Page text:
Fallacy, ambiguity in Finance Act (2020)
It is no longer news that the Finance Act (2020), which was signed into law on 31st December, 2020 by President Muhammadu Buhari, came into effect on January 1, 2021. What is trending news now, is the realisation that the Act may have introduced about 80 changes to 14 different laws that will affect Nigerians in their different economic endeavours. These changes according to commentators will affect individuals when it comes to the tax they pay, be it income tax or VAT on purchases. The changes will affect big companies as well as small companies. Being an accountant, I am interested in FIRS and the prescription of alternative accounts for SMEs.
We are informed that by the provisions of the Finance Act, the FIRS may prescribe the form of accounts other than audited financial statements for small and medium companies as defined under Companies Income Tax Act (CITA). The first question is whether SMEs as defined under CITA is the same as defined under Companies and Allied Matters Act (CAMA). For example, section 394 (3) of CAMA (2020) defines an SME as a company with a turnover of 120million and total assets of not more than 60 million. On the other hand, the Finance Act through CITA distinguishes between small company and medium company. A small company is a company whose turnover ranges between 1 – 25million; and a medium company, above 25million but less than 100million.
So, who is an SME when it comes to FIRS prescribing the form of accounts other than audited financial statements for small and medium companies? Should FIRS prescribe the same form for both small companies and medium companies given that their turnover differs, that is the first controversy. The definition of medium firm is closer to what CAMA defines as SME and I am of the view that FIRS prescription of form of accounts should differ between small companies and medium companies. It will be unfair for FIRS to prescribe the same form of accounts for medium companies and small companies. Small companies should have less complex form of accounts compared to medium companies.
But are there forms of accounts other than audited financial statements? Herein lies the fallacy and ambiguity caused by the Finance Act as one will be under the impression that there is another form of accounts that is different from audited financial statements. This is a fallacy and it is ambiguous because both audited and unaudited accounts and financial statements are prepared using the same form or format.
Another fallacy and ambiguity is creating the impression that FIRS has power to overrule accounting standards usually adopted in preparing and presenting financial statements by prescribing a form or format of accounts other than audited financial statements for SMEs. This is fallacious and not correct, as FIRS has no power and cannot invent another form or format of accounts. There is no other form or format of accounts other than that stipulated by the accounting standards which a country has adopted. Nigeria has adopted International Financial Reporting Standards (IFRS) and has not abandoned it.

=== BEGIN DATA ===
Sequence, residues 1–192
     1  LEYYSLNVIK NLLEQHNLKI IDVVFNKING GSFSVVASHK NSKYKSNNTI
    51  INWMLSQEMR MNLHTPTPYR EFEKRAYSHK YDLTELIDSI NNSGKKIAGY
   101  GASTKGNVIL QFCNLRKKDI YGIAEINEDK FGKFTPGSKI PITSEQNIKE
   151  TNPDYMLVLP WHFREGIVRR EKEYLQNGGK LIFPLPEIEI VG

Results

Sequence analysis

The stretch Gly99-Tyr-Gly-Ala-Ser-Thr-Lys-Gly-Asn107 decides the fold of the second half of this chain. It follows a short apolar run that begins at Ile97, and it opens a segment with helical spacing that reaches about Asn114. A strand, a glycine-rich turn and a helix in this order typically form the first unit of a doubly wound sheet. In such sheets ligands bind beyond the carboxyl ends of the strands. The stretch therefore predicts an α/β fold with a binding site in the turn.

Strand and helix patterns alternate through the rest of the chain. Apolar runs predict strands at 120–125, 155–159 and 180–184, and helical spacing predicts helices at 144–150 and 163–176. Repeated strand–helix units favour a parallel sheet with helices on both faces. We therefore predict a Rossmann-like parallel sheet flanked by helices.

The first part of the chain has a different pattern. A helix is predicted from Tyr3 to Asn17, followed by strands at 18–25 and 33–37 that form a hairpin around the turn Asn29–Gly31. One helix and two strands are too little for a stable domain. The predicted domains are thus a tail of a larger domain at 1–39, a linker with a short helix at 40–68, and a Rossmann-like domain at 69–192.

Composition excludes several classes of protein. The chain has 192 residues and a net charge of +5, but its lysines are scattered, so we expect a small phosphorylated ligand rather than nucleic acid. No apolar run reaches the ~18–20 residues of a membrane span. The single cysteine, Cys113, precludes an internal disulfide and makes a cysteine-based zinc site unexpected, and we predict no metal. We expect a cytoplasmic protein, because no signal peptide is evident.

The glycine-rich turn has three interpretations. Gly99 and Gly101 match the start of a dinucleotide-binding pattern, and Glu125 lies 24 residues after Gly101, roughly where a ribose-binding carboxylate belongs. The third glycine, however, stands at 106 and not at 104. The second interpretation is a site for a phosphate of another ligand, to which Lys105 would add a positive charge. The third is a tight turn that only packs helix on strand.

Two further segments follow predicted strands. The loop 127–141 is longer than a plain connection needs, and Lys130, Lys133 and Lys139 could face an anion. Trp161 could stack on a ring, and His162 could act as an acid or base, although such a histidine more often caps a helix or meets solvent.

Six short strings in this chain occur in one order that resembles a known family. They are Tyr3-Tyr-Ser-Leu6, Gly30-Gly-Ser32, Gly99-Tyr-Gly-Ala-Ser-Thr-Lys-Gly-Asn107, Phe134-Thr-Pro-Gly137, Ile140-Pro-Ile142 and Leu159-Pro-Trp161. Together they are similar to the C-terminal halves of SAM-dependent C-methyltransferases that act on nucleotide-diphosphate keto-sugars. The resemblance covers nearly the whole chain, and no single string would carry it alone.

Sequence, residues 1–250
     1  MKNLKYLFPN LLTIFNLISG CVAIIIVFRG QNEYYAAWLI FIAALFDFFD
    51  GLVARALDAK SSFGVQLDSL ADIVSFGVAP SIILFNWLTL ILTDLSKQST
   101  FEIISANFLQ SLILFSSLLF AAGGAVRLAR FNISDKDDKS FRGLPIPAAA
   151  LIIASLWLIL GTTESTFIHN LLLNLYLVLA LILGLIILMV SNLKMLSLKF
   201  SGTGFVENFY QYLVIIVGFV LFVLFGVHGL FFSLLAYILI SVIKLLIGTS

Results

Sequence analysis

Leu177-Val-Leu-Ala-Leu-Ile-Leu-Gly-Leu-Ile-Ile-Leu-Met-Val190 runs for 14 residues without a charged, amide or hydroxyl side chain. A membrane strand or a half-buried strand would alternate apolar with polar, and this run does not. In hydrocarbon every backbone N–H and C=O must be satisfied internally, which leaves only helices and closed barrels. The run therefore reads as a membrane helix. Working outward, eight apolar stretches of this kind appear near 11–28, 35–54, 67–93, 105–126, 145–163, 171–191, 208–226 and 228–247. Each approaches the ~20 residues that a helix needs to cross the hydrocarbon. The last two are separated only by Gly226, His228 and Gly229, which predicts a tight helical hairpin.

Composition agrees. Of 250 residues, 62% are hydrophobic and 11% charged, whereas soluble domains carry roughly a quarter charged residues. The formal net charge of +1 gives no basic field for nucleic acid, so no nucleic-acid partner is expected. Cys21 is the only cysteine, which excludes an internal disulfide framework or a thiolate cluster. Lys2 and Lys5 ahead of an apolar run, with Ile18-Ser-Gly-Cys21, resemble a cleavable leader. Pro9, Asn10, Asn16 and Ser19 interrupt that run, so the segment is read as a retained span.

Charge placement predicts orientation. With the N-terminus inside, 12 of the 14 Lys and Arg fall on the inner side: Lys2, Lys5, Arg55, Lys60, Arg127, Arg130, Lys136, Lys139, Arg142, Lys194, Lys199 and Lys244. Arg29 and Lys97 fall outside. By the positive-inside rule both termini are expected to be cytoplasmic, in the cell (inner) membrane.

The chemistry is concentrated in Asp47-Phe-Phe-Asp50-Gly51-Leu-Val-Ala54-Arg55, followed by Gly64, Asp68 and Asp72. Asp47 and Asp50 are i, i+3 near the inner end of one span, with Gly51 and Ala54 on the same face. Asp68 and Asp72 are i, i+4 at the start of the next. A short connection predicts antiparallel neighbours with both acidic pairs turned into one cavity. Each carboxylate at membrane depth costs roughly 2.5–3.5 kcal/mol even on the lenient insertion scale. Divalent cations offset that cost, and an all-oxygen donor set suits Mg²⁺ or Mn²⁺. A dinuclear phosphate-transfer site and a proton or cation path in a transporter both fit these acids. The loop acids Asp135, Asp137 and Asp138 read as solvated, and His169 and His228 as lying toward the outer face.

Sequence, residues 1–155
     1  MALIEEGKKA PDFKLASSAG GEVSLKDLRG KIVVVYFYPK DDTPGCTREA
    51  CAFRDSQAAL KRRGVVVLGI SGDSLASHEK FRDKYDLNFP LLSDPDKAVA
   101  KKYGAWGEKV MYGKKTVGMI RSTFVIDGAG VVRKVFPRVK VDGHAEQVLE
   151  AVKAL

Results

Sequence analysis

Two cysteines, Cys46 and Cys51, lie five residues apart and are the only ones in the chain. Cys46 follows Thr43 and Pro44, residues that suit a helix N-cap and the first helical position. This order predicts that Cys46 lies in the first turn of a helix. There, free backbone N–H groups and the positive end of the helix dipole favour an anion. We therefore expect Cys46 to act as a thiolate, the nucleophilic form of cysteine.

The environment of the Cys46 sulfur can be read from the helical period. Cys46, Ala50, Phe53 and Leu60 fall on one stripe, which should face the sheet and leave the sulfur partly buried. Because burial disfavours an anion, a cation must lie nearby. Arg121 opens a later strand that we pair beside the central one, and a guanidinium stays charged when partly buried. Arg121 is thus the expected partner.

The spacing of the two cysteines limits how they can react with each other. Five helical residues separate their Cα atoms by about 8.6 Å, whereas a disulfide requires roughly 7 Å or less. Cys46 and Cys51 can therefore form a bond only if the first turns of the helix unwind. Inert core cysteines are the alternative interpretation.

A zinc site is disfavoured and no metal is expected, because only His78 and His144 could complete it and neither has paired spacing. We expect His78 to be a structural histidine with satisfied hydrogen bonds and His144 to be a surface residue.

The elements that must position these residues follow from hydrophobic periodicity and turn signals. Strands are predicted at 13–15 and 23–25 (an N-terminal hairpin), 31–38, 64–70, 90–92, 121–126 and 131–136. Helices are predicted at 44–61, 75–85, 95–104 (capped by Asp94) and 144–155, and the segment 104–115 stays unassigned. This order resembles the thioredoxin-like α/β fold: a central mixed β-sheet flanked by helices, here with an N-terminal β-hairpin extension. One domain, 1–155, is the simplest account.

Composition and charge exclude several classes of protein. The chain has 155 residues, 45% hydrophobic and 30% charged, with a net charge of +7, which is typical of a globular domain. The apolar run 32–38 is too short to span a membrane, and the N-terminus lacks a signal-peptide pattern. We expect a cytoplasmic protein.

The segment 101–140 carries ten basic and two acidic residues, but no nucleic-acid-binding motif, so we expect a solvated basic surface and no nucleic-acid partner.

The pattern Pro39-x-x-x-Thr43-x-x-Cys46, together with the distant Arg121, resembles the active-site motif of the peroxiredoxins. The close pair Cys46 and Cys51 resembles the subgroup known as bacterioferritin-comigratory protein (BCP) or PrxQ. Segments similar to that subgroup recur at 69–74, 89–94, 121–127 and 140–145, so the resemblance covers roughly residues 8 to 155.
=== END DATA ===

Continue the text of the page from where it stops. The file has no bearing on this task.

Another ambiguity and controversy emanating from this provision of Finance Act is whether it is within the jurisdiction of FIRS to prescribe forms of accounts other than audited financial statement. If there is anything we know, especially within accounting, which incorporates taxation, it is that the relevant body charged with determining forms or formats of accounts and financial statements in Nigeria is the Financial Reporting Council of Nigeria (FRCN). Only the FRCN can vary forms of accounts but not arbitrarily, as that has to happen through the accounting standards.
I will therefore advise that in future, the Financial Reporting Council ought to have been consulted when wording the Finance Act provision which states that the FIRS may prescribe the form of accounts other than audited financial statements for small and medium companies to avoid the fallacy, ambiguity and controversies I have raised above. The accounting profit which serves as the starting point for tax computation is derived following accounting rules strictly as provided in the accounting standards for which the tax authorities have no say.
What the Finance Act would have simply stated is that the FIRS should accept unaudited financial statements from SMEs and not prescribe form of accounts. As earlier stated, there is no difference in the form of accounts between audited and unaudited accounts or financial statements. The only difference is that the external auditor expresses audit opinion on one – the audited financial statement but not on the other – the unaudited financial statement. Again another issue is that the FIRS may be under the impression that it is trying to save cost for SMEs by avoiding audit. This again is controversial.
By not insisting on audit, it means that FIRS is prepared to take any financial statement presented by SMEs. The purpose of audit is to inspire trust and confidence in the financial statements’ figures. Does the FIRS feel that these do not matter? Consequently, a financial statement in which anything goes could mean loss of huge revenue to government through avoided taxes, since there may not be trust and confidence in the financial figures presented. So if I were FIRS Chairman, I will prescribe no other form other than audited financial statement for SMEs.
Okwuosa, PhD, FCIB, FCA, is the Chairman, IFRS Experts Forum (IFRSEF).